Providing a certain amount of free content seems to be a conscious decision by the companies to get people used to the idea of using the broader services. As to what mobile content people are actually paying for, there does appear to be a difference between the operators with 3G networks — Vodafone and 3 — who are reporting good take-up of music downloads, and those still on GPRS — Meteor and O2 — whose customers are chiefly buying “traditional” content such as ringtones.
David McLoughlin, commercial marketing manager with Meteor, says “traditional” content still makes up the bulk of Meteor’s content revenue. “The vast majority of revenue is generated from downloadable content: ringtones is where the market is still at in many respects,” says McLoughlin. “That market makes up about 60pc of our content revenue. About 20pc of downloads are games, 20pc are images. The remainder [of revenue generation] would be around alerts.”
“Ringtones and games are still the most popular,” concurs Codd. “A lot of the teenage and early-20s market uses them. The quality of the games and ringtones has improved. You had monotones, then polytones and realtones and now you have videotones. That type of stuff is still very popular and the quality is getting better.” O2 plans on rolling out its 3G network in the near future.
3 has identified some more up-to-date tastes with its consumers, with games and music being the most downloaded. “A lot of the free content we offer gets huge hits continually: football highlights, downloading or streaming movie reviews or trailers,” says Slattery. “We do a lot of comedy stuff for free as well. They’re popular but the paid content — the games and music — would be the most popular of all. About 60pc of our customer base are regular users and downloaders of content.”
“3G changed a lot of things because the handsets and services available are much more sophisticated,” says Martin Wells, head of consumer data with Vodafone. “Really the only thing you could do on your phone prior to 3G was download a ringtone or play a game. Now you have much better audio quality so you can have a full track download or you can watch a live video stream or download a clip. “In terms of downloads, music’s going quite well for us: ringtones, full track music download and music videos,” he maintains. “Sports highlights packages are also quite popular.”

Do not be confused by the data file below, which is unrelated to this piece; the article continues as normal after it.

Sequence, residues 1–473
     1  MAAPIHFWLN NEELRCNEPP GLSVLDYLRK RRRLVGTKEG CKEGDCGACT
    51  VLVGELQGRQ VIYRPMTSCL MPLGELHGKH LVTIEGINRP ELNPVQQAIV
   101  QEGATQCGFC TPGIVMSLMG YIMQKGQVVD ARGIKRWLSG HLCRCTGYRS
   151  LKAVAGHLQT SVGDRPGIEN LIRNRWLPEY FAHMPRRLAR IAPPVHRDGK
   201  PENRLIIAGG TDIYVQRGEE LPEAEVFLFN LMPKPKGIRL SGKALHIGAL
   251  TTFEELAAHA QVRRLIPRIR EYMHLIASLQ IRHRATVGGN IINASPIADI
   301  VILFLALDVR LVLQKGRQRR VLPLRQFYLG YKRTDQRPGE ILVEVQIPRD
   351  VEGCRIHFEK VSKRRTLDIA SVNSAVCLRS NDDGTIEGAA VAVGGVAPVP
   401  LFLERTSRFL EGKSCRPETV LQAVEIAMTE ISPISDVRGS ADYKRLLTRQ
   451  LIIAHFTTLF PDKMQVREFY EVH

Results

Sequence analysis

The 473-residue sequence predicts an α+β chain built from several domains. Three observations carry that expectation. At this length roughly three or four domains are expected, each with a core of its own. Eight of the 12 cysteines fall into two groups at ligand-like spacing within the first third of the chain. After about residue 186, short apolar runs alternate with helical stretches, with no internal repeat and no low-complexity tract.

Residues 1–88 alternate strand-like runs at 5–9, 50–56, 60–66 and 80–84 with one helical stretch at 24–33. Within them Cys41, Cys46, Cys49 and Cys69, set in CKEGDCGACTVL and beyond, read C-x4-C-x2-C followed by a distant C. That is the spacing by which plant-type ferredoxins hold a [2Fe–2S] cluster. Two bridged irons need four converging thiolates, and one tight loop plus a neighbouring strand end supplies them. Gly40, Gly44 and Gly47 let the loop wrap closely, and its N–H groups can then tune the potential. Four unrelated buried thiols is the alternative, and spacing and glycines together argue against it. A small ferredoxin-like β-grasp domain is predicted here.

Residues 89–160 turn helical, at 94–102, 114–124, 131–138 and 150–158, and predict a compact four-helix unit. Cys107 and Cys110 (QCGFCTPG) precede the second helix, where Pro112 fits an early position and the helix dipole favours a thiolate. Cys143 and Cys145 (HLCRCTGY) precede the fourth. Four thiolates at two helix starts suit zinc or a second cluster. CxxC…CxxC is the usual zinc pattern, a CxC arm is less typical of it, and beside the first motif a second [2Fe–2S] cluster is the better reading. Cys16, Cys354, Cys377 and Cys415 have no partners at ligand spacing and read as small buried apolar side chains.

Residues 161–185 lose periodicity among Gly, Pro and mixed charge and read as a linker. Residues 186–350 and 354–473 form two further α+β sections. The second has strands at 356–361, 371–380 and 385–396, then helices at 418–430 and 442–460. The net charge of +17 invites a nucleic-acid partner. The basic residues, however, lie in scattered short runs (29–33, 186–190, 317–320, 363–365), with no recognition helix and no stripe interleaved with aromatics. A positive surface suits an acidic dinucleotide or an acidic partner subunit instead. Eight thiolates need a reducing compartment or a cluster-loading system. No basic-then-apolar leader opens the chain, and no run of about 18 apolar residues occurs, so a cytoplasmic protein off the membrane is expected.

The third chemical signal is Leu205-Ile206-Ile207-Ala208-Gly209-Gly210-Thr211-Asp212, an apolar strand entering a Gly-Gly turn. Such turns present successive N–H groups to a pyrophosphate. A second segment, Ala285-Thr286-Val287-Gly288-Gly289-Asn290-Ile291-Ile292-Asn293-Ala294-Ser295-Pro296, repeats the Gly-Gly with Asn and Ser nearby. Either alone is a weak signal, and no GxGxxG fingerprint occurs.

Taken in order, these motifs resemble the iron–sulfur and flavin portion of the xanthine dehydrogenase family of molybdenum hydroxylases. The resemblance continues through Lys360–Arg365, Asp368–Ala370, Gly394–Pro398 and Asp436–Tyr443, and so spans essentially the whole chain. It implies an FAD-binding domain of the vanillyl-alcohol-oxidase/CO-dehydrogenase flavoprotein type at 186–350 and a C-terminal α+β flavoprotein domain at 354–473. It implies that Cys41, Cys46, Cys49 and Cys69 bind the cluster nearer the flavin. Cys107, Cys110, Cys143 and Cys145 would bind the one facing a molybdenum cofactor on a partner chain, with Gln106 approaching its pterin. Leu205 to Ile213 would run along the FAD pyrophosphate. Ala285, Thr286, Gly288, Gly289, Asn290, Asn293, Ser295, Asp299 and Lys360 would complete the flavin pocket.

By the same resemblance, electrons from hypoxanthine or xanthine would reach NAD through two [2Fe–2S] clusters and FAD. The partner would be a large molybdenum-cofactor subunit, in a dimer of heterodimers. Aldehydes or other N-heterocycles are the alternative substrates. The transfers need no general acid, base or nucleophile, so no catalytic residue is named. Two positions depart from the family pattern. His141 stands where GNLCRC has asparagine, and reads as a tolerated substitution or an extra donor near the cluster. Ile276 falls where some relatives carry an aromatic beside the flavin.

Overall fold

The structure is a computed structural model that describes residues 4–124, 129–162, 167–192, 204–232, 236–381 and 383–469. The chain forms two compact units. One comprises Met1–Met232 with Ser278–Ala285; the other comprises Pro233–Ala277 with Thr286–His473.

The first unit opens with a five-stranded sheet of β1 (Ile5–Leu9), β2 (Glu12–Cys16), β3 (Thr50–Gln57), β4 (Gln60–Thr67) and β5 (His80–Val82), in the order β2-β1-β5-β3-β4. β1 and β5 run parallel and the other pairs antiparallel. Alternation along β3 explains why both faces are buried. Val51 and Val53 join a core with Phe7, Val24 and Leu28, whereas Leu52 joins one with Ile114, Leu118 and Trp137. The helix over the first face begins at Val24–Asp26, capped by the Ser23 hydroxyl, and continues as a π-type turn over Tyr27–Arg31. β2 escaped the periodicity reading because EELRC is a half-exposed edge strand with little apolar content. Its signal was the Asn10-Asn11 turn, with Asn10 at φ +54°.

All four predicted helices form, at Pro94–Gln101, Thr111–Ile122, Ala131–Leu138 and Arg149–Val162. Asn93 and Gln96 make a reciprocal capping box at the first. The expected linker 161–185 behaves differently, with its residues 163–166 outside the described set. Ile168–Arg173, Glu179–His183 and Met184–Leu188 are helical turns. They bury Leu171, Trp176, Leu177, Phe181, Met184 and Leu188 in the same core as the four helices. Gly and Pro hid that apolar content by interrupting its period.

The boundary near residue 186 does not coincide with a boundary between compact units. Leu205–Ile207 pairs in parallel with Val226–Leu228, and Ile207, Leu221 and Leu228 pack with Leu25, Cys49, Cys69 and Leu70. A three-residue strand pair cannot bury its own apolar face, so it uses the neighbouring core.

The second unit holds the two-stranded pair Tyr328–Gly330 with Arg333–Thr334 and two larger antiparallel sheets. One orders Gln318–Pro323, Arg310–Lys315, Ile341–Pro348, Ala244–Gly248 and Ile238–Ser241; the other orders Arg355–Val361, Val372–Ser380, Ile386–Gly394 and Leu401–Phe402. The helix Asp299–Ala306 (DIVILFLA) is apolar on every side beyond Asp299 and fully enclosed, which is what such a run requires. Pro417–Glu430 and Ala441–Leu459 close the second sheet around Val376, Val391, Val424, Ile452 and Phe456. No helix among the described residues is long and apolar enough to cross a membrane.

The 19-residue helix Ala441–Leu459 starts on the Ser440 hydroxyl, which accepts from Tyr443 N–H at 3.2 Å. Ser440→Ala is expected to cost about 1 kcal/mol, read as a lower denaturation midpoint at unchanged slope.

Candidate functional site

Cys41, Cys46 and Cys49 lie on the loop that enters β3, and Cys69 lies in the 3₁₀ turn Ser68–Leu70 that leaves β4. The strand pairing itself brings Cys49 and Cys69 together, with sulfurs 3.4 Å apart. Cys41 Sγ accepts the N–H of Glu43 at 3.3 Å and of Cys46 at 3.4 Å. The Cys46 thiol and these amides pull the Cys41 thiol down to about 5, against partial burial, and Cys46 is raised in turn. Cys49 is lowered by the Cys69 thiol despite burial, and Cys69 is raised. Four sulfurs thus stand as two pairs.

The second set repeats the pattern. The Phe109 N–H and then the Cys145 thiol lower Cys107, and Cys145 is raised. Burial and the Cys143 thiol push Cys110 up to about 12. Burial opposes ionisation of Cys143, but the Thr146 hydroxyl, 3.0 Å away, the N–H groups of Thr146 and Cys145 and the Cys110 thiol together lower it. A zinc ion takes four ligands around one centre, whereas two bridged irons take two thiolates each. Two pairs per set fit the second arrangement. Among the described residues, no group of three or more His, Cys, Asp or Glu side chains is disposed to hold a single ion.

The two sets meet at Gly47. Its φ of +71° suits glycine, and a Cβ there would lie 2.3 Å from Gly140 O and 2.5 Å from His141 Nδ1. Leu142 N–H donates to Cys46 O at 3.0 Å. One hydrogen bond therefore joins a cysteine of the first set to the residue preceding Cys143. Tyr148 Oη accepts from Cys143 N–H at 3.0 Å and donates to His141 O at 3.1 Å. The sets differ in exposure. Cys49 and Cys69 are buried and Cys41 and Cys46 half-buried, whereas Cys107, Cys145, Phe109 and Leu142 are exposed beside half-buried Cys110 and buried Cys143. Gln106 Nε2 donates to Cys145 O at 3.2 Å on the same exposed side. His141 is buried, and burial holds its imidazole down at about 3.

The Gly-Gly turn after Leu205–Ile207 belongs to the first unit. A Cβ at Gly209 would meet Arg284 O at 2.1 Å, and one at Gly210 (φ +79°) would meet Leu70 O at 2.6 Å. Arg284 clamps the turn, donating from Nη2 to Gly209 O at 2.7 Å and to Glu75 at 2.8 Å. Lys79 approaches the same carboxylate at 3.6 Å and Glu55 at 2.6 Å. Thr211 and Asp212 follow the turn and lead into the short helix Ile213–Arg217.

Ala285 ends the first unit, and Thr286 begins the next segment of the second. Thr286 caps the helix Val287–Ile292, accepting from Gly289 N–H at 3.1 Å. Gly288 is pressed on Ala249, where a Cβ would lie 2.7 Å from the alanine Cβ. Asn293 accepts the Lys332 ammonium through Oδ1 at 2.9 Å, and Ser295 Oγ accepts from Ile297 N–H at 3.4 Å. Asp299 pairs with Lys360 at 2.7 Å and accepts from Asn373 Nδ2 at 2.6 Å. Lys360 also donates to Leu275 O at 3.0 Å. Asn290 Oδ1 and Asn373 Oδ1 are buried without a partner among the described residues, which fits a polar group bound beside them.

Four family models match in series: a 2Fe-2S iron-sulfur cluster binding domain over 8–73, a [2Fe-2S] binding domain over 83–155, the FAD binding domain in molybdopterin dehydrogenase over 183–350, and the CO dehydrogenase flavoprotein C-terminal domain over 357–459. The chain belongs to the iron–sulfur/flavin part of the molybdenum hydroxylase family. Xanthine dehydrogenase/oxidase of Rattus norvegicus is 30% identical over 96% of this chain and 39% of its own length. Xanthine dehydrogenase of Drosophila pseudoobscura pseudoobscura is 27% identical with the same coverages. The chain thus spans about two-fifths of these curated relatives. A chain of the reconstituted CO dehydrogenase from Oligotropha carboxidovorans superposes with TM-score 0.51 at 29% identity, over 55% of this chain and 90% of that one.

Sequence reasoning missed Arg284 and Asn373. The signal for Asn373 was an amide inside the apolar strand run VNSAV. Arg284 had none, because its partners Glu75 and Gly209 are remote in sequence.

Codd identifies a new segment of slightly older customers who are using the mobile web to get updates on property and jobs, as well as consuming news and sport. “If you’re looking for a house in, say, Raheny you can set up an alert and an email will be sent to your phone from the site if something comes up.”
This is a very different audience than the teenage ‘games and ringtones’ audience, and potentially one that will be dissected by marketers eager to expand the scope of mobile services. McLoughlin also adds some thoughts on the mindset of content users.
“The reason why somebody might buy a ringtone but not a full track is that a ringtone is personal to the subscriber,” he says. “It’s a way for them to be identified in their social group: when the phone rings it says something about them as an individual. That’s a very different reason to why people will download a full track, which will be used simply to listen to. The mindset of the individual is very different and that’s one of the reasons why full track downloading hasn’t taken off to the extent that some predicted.”
Codd also identifies another emerging trend in mobile content services that is sure to be pre-occupying marketers at the moment, that of the rise in prompted usage. “People always have their handset on them, whether they’re in traffic or in the garden, but now they’re being persuaded to take their handset out of their pocket. When you get an alert into your handset there’s a link there you can access. With email alerts you can get an awful lot more information than with SMS, and it’s free to receive, same as with SMS.”
By Niall Byrne